Having recently launched a Think Tank aimed at modernising regulatory reporting standards following recent market stress events, we sat down with Suade‘s CEO and co-founder, Diana Paredes to learn more about developing regulatory standards and the impact that the company is looking to have.
Could you tell me about the company and your role within it?
I am the CEO and co-founder of Suade, a regtech company that empowers financial institutions to navigate and fulfil their regulatory requirements. With my background in regulatory analysis on the trading floor of a major bank, I recognised the opportunity to innovate and launched Suade in 2014.
Our mission is to alleviate the regulatory burden on firms, minimise errors, and accelerate the compliance process. Over the years, we have garnered recognition and support from regulators and authorities worldwide, including the European Commission, FCA, and MAS. Today, we proudly serve a diverse range of financial institutions globally, leveraging our proactive and technology-driven approach to regulatory reporting.
At Suade, our software platform equips financial institutions with the ability to process vast volumes of regulatory data, perform capital and risk calculations, and automate submissions to regulatory authorities. We employ technologies such as natural language processing (NLP) and artificial intelligence (AI) to transform regulations into code, facilitating a data-driven approach to prevent future financial crises.
How have regulations changed over the last few years?
Over the past decade, there have been significant advancements in prudential regulation, as well as notable areas where progress has been limited. The financial crisis of 2008 served as a wake-up call, prompting regulators and policymakers to reassess the existing regulatory framework and implement measures to enhance financial stability and mitigate systemic risks.
One key development has been the strengthening of capital and liquidity requirements for financial institutions. Regulatory bodies recognised the need to bolster the resilience of banks and other financial entities, leading to the implementation of frameworks such as Basel III. These frameworks have enforced stricter capital adequacy ratios and liquidity coverage ratios, reducing the likelihood of another widespread financial crisis.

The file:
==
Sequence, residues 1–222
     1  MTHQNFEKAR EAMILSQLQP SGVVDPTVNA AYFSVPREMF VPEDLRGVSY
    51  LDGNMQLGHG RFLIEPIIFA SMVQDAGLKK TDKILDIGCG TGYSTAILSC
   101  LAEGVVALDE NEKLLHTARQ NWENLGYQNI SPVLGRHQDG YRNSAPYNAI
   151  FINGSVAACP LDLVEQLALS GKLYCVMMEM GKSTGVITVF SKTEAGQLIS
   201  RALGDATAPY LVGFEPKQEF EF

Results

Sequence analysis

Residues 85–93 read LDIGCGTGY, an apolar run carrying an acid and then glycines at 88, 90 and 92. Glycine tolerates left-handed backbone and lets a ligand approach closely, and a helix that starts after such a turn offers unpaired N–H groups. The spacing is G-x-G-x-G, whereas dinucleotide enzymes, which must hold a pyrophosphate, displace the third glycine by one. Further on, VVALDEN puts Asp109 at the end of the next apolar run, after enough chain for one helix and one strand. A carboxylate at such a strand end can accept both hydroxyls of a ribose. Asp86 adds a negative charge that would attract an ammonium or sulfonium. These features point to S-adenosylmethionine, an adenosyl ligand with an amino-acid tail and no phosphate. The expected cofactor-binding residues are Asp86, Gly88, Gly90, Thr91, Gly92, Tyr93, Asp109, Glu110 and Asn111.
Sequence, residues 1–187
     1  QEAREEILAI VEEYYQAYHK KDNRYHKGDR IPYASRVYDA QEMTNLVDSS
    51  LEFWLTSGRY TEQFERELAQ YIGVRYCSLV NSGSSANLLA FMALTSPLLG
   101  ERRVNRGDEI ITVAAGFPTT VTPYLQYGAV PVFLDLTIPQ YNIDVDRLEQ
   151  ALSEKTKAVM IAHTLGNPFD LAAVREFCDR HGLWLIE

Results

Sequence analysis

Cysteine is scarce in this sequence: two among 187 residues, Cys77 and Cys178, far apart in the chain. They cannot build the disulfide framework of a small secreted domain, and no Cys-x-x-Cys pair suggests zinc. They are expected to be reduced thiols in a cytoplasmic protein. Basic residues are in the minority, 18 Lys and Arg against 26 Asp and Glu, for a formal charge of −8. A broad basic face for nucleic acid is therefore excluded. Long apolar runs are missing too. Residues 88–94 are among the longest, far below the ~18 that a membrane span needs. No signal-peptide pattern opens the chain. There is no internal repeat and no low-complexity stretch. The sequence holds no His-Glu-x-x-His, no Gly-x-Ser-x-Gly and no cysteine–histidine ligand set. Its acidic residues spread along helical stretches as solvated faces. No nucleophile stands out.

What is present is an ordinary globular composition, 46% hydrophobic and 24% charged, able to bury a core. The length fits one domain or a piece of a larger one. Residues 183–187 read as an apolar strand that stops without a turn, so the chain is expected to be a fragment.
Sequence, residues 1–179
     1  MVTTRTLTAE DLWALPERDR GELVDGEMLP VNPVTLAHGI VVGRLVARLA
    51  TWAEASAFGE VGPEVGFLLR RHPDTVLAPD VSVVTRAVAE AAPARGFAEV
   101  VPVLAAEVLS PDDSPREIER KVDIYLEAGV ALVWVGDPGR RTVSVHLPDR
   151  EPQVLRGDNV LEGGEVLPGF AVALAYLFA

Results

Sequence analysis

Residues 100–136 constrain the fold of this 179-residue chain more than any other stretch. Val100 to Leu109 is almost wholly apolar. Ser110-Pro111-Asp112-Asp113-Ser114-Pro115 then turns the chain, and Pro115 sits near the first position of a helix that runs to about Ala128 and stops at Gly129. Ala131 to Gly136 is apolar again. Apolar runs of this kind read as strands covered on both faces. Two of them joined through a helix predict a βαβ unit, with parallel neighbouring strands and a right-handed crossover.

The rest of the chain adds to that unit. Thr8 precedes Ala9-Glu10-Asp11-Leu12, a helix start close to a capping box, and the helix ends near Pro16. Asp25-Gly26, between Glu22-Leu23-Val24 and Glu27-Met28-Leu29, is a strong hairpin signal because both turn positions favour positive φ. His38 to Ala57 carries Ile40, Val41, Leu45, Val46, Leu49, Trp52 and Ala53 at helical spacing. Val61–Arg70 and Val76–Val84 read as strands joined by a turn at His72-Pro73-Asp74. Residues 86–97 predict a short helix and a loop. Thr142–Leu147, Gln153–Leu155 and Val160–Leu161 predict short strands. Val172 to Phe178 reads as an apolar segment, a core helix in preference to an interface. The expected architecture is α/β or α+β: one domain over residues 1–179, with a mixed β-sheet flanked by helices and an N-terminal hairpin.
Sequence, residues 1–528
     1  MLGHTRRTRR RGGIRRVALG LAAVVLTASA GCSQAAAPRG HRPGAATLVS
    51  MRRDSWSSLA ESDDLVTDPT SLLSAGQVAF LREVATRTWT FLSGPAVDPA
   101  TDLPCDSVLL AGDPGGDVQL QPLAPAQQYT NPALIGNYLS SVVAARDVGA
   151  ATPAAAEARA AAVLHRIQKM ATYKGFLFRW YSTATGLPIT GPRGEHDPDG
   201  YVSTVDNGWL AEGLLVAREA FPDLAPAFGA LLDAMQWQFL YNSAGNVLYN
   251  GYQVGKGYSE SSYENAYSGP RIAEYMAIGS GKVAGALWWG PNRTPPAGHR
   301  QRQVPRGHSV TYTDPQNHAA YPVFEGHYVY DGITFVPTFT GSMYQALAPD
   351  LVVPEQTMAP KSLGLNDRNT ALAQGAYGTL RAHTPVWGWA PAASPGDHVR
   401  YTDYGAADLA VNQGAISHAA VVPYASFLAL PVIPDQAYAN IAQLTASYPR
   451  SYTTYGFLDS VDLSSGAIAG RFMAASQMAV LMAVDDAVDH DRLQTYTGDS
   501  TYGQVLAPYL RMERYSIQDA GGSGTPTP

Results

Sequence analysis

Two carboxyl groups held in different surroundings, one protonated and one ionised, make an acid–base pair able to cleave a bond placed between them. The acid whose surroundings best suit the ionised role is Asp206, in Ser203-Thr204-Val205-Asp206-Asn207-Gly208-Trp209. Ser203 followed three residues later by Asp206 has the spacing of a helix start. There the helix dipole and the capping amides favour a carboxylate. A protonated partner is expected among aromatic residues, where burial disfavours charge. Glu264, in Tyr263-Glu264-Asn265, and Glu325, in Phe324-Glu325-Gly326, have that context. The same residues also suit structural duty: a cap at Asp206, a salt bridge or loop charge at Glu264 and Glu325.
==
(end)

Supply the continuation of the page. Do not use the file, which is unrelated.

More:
However, there are areas where progress has been limited. One such area is the harmonisation of regulations across jurisdictions. Despite efforts to achieve greater consistency in regulatory frameworks, differences in approach and implementation persist. This lack of harmonisation creates challenges for financial institutions operating across borders and may hinder the effectiveness of prudential regulation in a globally interconnected financial system.
Data standardisation plays a crucial role in achieving regulatory harmonisation. By establishing common data standards and formats, regulators can effectively collect and analyse data from financial institutions. Standardised data enables regulators to have a comprehensive and accurate view of the financial landscape, facilitating risk identification and assessment. It also enhances transparency and comparability across institutions, allowing for better-informed decision-making and more effective regulatory interventions.
Risk management development
Additionally, there has been an increased focus on risk management and governance within financial institutions, but the recent market stress episodes involving prominent financial institutions have underscored the importance of ongoing improvements in prudential regulation and strong risk management frameworks. These incidents serve as reminders that even with the existing regulatory frameworks in place, risks can emerge and have far-reaching consequences.
Regulators are likely to carefully evaluate the specific circumstances surrounding these incidents and identify any gaps in prudential regulation that may have contributed to the issues. This assessment will likely inform further potential changes to regulatory frameworks to enhance risk management practices, improve transparency, and strengthen financial institutions’ resilience.